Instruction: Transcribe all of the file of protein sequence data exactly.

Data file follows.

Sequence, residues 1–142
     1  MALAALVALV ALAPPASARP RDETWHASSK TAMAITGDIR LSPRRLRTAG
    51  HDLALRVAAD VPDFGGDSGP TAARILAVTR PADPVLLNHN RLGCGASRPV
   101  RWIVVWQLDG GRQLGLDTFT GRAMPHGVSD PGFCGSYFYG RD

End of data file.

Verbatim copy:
Sequence, residues 1–142
     1  MALAALVALV ALAPPASARP RDETWHASSK TAMAITGDIR LSPRRLRTAG
    51  HDLALRVAAD VPDFGGDSGP TAARILAVTR PADPVLLNHN RLGCGASRPV
   101  RWIVVWQLDG GRQLGLDTFT GRAMPHGVSD PGFCGSYFYG RD